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Twelve-year-old Jaden, an emotionally damaged adopted boy fascinated by electricity, feels a connection to a small, weak toddler with special needs in Kazakhstan, where Jaden's family is trying to adopt a "normal" baby.
Adopted from Korea by Italian parents, fourteen-year-old Joseph Calderaro begins to make important self-discoveries about race and family after his social studies teacher assigns an essay on cultural heritage and tracing the past.
Twelve-year-old Imani, the only black girl in Hebrew school, is preparing for her bat mitzvah and hoping to find her birthparents when she discovers the history of adoption in her own family through her great-grandma Anna's Holocaust-era diary.
When cell phones are banned at Branton Middle School, Frost and his friends Deedee, Wolf, and Bench come up with a new way to communicate: leaving sticky notes for each other all around the school. It catches on, and soon all the kids in school are leaving notes -- though for every kind and friendly one, there is a cutting and cruel one as well. In the middle of this, a new girl named Rose arrives at school. Rose is not like anyone else at Branton Middle School. As the sticky-note war escalates, and the pressure to choose sides mounts, Frost soon realizes that after this year, nothing will ever be the same.
Seventh-grader Joseph Friedman is friendless and puny, with ADD to boot. He spends most of his time avoiding the class bully and hiding out in the Resource Room. But the Resource Room teacher encourages (i.e., practically forces) him to join the school cross country team, and he meets Heather, a new student who's tough and athletic and refuses to be pushed around by anybody.
When a list appears online ranking the top fifty prettiest girls in the eighth grade, everything turns upside down. Eve Hoffman, ranked number one, can't ignore how everyone is suddenly talking about her looks. Sophie, the most popular girl in school, feels lower than ever when she's bullied for being ranked number two. Nessa Flores-Brady didn't even make the list, but she doesn't care -- or does she? The three girls ban together to find out who made the list but their journey doesn't lead them where they expect.
Omar and his younger brother Hassan live in a refugee camp, and when an opportunity for Omar to get an education comes along, he must decide between going to school every day or caring for his nonverbal brother in this intimate and touching portrayal of family and daily life in a refugee camp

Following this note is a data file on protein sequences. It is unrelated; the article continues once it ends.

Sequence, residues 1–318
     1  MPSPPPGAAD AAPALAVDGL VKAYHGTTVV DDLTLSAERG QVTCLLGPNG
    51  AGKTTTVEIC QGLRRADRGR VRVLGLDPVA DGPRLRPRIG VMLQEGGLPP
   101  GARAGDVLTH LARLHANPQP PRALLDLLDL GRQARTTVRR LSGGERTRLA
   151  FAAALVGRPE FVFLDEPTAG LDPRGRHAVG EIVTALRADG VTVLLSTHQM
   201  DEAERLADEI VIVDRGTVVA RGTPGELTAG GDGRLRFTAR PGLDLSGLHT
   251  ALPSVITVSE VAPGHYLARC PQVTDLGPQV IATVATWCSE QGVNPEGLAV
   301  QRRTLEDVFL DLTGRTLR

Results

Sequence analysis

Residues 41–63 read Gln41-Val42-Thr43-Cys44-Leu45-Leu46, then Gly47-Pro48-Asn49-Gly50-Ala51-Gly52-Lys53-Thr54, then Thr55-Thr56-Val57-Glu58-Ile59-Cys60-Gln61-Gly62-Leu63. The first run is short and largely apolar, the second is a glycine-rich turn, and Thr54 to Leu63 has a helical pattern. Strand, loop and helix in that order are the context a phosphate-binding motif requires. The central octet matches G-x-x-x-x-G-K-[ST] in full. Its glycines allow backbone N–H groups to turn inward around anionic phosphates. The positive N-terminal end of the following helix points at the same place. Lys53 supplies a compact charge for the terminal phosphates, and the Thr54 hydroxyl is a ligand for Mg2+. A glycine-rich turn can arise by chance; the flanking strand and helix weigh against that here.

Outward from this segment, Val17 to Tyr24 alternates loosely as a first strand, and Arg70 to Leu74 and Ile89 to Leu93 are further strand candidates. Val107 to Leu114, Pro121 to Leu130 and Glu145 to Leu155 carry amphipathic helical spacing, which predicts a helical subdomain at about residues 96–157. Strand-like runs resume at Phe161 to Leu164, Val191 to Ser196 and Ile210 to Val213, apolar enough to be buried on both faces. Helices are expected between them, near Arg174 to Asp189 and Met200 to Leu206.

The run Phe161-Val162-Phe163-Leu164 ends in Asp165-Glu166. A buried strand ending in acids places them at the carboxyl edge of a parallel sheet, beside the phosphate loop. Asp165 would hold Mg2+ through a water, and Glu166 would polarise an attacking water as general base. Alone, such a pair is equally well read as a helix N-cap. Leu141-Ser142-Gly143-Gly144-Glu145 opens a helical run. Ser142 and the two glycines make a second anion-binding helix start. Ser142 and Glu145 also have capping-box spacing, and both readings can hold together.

A Pakistani-American Muslim girl struggles to stay true to her family's vibrant culture while simultaneously blending in at school. After her local mosque is vandalized, she is devastated. Her friend Soojin is talking about changing her name. Does Amina need to become more "American" and hide who she really is?
At the front of a middle school classroom in Oklahoma, a boy named Khosrou (whom everyone calls "Daniel") stands, trying to tell a story. His story. But no one believes a word he says. To them he is a dark-skinned, hairy-armed boy with a big butt whose lunch smells funny; who makes things up and talks about poop too much. But Khosrou's stories, stretching back years, and decades, and centuries, are beautiful, and terrifying, from the moment his family fled Iran in the middle of the night with the secret police moments behind them, back to the sad, cement refugee camps of Italy.and further back to the fields near the river Aras, where rain-soaked flowers bled red like the yolk of sunset burst over everything, and further back still to the Jasmine-scented city of Isfahan.
Lauren and Tara have always done everything together so it is only natural that they both try out for their middle school musical play, about an "all-American" girl in 1958; Tara gets the lead role, as usual, because in the teacher's mind Lauren, half-Jewish and half-Chinese, does not fit the image of all-American girl--Lauren is hurt but resolved to support her friend, but her two grandmothers are furious and they intend to do something about it.